We are in the position of the school board members—we heard complaints from those who trusted us and hoped we would influence management. (Not surprisingly, the hospital’s trustees have also experienced the same pressure.) And like the school board and the superintendent, no one knew how to gauge the amount of the pressure or to determine if it had reached a critical level. Getting the ox-cart out of the ditch is going to take time and effort, but the challenge we face, just like our school board, is to tell when the cart is drifting too far away from the middle of the road. In a dynamic system like a hospital or other healthcare organization, demand will fluctuate. While it is possible to predict a winter surge in influenza-associated hospitalization, it is not possible to predict which month or how intense the demand will be, nor for how long. The ox-cart, in other words, is going to weave back and forth across the center line of the path, but we have to have the ability to pull in back from the ditch.
How do we develop the ability to drive the ox-cart better. First, we have to become more explicit about measures of failure—economic, human, and clinical. In doing so, we must not get too worried about precision. A first approximation of reality is better than what we have now. Second, we need to find institutional ways to bring the tacit knowledge of all three groups administrators, staff, and physicians, to bear on solving problems and defining the goals. Third, we must try to find better ways to communicate what we know in ways that make it more likely that others can react appropriately. If we want doctors to spend less money, we have to find ways to let them know the economic impact of their decisions in ways they can incorporate into their decision making at the bedside. If we want staff to be more effective in delivering standardized care processes, we must become more clear on which routines are critical for accomplishing this goal and what barriers have to be removed to make success more common. And, of course, we have to do all of this with less money and more regulatory requirements every year. Doing all of this is going to require leadership that is inspirational and motivational, displays high integrity, solves and analyzes problems, drives for results, and communicates well and often. Is it any wonder so many healthcare organizations are experiencing difficulties?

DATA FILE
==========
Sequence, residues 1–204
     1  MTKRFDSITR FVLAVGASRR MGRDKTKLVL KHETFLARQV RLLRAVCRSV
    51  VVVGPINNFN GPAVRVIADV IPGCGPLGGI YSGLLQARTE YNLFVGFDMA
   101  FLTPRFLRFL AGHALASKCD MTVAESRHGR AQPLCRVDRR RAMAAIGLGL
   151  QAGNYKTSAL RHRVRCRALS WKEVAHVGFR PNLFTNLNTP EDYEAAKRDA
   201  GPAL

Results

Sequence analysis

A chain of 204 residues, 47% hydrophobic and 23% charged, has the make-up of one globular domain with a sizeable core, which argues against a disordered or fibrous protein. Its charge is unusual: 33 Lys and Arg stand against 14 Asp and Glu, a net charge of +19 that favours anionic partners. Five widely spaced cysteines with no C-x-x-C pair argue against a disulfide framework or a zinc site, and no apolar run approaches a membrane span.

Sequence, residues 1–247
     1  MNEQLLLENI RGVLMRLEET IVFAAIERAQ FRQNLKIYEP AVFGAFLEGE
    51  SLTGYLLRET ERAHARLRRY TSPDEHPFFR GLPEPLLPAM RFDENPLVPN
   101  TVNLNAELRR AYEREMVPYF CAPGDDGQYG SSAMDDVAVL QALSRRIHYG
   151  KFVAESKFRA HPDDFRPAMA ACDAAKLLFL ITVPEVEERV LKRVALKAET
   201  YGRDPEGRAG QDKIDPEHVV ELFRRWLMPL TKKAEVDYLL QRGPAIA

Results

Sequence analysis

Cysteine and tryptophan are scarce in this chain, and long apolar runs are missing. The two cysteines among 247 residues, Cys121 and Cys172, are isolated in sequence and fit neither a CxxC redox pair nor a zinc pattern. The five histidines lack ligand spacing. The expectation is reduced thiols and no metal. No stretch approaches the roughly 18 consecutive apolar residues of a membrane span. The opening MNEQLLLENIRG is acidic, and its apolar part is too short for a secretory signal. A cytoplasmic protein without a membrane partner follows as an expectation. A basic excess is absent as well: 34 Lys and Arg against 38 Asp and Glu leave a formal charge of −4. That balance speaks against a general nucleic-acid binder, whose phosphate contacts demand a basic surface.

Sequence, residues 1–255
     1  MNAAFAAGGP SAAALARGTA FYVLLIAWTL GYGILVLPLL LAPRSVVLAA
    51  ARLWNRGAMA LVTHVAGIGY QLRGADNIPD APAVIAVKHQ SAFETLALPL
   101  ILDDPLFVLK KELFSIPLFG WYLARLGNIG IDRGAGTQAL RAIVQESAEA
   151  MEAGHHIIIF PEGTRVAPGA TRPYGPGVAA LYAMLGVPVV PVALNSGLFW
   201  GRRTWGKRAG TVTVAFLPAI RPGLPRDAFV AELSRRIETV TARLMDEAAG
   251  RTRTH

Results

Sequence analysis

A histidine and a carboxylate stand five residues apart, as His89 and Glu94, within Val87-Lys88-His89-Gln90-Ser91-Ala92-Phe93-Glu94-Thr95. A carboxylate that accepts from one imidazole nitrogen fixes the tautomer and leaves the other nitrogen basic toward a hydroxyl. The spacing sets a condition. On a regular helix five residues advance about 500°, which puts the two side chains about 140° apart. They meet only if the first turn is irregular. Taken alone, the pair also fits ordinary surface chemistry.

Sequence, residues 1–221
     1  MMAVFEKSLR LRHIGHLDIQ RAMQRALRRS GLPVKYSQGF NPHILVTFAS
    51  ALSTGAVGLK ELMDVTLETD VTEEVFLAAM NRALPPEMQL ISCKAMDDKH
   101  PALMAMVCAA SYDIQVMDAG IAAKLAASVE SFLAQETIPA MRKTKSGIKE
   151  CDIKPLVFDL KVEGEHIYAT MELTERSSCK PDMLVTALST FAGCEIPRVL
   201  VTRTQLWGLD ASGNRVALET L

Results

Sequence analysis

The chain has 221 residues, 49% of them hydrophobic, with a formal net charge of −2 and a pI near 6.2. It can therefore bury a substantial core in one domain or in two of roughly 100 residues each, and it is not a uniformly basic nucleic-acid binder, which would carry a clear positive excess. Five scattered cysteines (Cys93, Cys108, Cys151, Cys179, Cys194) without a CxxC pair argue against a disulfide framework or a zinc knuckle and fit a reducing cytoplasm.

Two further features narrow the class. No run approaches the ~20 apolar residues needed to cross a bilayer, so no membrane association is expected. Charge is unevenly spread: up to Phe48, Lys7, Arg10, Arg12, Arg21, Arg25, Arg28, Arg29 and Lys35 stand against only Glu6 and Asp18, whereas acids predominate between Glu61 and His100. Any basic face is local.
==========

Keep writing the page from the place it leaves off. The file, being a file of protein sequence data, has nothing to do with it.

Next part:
15 April 2015
 Zenger J, Folkman J. The Skills Leaders Need at Every Level. 30 July 2014. HBR Blog Network. Accessed 31 July 2014 at http://blogs.hbr.org/2014/07/the-skills-leaders-need-at-every-level/.
 My apologies to the person who coined this definition, as I cannot find where I first encountered it. The closest expression of the idea was attributed to Rosalynn Carter, who said “A leader takes people where they want to go. A great leader takes people where they don’t necessarily want to go, but ought to be.” [Kruse K. 100 Best Quotes on Leadership. 16 October 2012. http://www.forbes.com/sites/kevinkruse/2012/10/16/quotes-on-leadership.html.]
Doctors and hospitals operate with different cultures and unexamined assumptions may cause conflict.